In geometry, the Japanese theorem states that no matter how one triangulates a cyclic polygon, the sum of inradii of triangles is constant.

In geometry, given a triangle ABC and a point P on its circumcircle, the three closest points to P on lines AB, AC, and BC are collinear. The line through these points is the Simson line of P, named for Robert Simson. The concept was first published, however, by William Wallace in 1799.

In geometry, an inscribed planar shape or solid is one that is enclosed by and "fits snugly" inside another geometric shape or solid. To say that "figure F is inscribed in figure G" means precisely the same thing as "figure G is circumscribed about figure F". A circle or ellipse inscribed in a convex polygon is tangent to every side or face of the outer figure. A polygon inscribed in a circle, ellipse, or polygon has each vertex on the outer figure; if the outer figure is a polygon or polyhedron, there must be a vertex of the inscribed polygon or polyhedron on each side of the outer figure. An inscribed figure is not necessarily unique in orientation; this can easily be seen, for example, when the given outer figure is a circle, in which case a rotation of an inscribed figure gives another inscribed figure that is congruent to the original one.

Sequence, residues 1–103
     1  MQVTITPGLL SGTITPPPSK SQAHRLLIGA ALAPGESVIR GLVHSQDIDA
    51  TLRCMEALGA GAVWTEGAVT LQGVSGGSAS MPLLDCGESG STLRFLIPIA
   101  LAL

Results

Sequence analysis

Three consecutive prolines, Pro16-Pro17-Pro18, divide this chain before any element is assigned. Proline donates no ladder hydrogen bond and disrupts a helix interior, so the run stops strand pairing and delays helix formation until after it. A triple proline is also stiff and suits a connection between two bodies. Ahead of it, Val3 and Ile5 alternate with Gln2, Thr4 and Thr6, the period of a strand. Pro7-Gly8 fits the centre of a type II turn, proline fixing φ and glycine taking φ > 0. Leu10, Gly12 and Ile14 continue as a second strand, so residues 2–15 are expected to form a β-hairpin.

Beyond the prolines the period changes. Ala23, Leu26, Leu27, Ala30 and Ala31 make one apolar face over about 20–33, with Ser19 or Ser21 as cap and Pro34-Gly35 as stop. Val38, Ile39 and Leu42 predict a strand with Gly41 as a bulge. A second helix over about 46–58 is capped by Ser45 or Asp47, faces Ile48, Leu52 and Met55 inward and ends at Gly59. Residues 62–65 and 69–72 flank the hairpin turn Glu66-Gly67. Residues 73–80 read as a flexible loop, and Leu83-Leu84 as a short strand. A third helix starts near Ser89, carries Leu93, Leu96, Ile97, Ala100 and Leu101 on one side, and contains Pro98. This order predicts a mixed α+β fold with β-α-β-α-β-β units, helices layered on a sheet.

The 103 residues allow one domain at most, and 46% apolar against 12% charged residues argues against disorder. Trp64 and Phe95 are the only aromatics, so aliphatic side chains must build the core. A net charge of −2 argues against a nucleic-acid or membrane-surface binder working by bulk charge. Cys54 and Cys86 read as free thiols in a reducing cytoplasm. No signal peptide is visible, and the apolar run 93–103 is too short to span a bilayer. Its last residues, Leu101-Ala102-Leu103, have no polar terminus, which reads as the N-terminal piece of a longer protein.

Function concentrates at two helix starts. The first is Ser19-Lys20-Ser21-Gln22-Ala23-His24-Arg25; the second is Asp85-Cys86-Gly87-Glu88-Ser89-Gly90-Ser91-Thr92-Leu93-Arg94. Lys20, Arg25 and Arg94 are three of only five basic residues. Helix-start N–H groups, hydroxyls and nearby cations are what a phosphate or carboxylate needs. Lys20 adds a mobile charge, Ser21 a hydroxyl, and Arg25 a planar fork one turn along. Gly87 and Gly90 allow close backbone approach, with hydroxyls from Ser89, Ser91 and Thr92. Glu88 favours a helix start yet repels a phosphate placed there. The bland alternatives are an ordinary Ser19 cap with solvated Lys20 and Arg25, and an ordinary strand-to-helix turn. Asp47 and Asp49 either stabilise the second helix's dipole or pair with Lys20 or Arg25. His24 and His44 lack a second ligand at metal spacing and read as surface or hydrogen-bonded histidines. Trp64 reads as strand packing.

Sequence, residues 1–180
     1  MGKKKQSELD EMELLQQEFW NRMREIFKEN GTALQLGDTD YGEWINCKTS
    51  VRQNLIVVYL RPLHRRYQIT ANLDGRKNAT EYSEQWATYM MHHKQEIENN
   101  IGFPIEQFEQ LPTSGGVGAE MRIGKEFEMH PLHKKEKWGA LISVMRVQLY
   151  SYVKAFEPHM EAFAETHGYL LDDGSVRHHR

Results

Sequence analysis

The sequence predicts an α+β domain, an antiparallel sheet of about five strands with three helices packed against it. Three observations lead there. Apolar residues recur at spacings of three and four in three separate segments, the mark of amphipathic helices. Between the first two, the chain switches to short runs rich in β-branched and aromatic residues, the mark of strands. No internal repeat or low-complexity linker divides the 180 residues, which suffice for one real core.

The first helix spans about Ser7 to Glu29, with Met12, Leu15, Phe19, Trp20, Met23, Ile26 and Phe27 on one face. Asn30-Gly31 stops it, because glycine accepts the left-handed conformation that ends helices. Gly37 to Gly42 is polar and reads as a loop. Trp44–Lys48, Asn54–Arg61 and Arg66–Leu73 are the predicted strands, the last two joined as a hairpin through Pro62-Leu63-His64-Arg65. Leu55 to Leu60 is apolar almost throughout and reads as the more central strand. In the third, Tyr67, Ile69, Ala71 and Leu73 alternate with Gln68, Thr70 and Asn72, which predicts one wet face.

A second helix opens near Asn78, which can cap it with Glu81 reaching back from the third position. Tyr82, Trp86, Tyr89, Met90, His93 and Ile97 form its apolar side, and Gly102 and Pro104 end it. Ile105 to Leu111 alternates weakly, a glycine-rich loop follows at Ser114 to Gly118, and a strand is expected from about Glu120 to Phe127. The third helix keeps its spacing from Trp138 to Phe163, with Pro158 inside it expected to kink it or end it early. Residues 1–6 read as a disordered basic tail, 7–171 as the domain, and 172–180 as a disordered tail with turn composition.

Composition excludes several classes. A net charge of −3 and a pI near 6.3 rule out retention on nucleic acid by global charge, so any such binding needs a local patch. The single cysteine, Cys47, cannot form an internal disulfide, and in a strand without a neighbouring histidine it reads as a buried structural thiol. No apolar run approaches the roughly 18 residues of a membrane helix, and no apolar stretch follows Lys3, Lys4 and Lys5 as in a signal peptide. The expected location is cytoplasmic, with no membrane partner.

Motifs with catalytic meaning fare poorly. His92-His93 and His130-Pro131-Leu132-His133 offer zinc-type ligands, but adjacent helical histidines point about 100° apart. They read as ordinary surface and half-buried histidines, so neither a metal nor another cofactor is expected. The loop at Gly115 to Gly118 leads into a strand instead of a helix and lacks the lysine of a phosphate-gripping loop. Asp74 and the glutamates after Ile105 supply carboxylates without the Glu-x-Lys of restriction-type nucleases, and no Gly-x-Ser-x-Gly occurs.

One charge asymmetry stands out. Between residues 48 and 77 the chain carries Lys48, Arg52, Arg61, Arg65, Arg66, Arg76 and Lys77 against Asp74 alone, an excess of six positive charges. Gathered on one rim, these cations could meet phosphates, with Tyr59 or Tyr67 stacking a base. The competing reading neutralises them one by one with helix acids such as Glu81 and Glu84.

In geometry, a centre of an object is a point in some sense in the middle of the object. According to the specific definition of centre taken into consideration, an object might have no centre. If geometry is regarded as the study of isometry groups then a centre is a fixed point of all the isometries which move the object onto itself.

Pompeiu's theorem is a result of plane geometry, discovered by the Romanian mathematician Dimitrie Pompeiu. The theorem is simple, but not classical. It states the following: